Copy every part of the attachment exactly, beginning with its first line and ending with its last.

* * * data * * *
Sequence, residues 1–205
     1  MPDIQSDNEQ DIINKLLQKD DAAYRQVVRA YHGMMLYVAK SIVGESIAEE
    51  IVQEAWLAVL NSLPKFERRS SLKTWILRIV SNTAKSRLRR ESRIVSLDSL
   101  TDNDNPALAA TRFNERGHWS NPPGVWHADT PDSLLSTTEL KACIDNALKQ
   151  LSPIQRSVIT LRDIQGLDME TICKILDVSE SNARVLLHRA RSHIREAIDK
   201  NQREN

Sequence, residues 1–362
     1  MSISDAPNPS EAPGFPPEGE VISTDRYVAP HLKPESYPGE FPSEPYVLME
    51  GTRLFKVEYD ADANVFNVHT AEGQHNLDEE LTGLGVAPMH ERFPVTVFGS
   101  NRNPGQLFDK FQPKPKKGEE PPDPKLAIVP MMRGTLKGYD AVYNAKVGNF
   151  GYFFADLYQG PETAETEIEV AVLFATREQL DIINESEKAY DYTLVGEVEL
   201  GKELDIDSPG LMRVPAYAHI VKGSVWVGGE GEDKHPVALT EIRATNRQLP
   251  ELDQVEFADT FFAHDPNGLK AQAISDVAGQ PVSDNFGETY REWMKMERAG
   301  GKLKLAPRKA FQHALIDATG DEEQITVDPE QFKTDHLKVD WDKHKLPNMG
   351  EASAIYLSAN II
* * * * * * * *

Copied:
Sequence, residues 1–205
     1  MPDIQSDNEQ DIINKLLQKD DAAYRQVVRA YHGMMLYVAK SIVGESIAEE
    51  IVQEAWLAVL NSLPKFERRS SLKTWILRIV SNTAKSRLRR ESRIVSLDSL
   101  TDNDNPALAA TRFNERGHWS NPPGVWHADT PDSLLSTTEL KACIDNALKQ
   151  LSPIQRSVIT LRDIQGLDME TICKILDVSE SNARVLLHRA RSHIREAIDK
   201  NQREN

Sequence, residues 1–362
     1  MSISDAPNPS EAPGFPPEGE VISTDRYVAP HLKPESYPGE FPSEPYVLME
    51  GTRLFKVEYD ADANVFNVHT AEGQHNLDEE LTGLGVAPMH ERFPVTVFGS
   101  NRNPGQLFDK FQPKPKKGEE PPDPKLAIVP MMRGTLKGYD AVYNAKVGNF
   151  GYFFADLYQG PETAETEIEV AVLFATREQL DIINESEKAY DYTLVGEVEL
   201  GKELDIDSPG LMRVPAYAHI VKGSVWVGGE GEDKHPVALT EIRATNRQLP
   251  ELDQVEFADT FFAHDPNGLK AQAISDVAGQ PVSDNFGETY REWMKMERAG
   301  GKLKLAPRKA FQHALIDATG DEEQITVDPE QFKTDHLKVD WDKHKLPNMG
   351  EASAIYLSAN II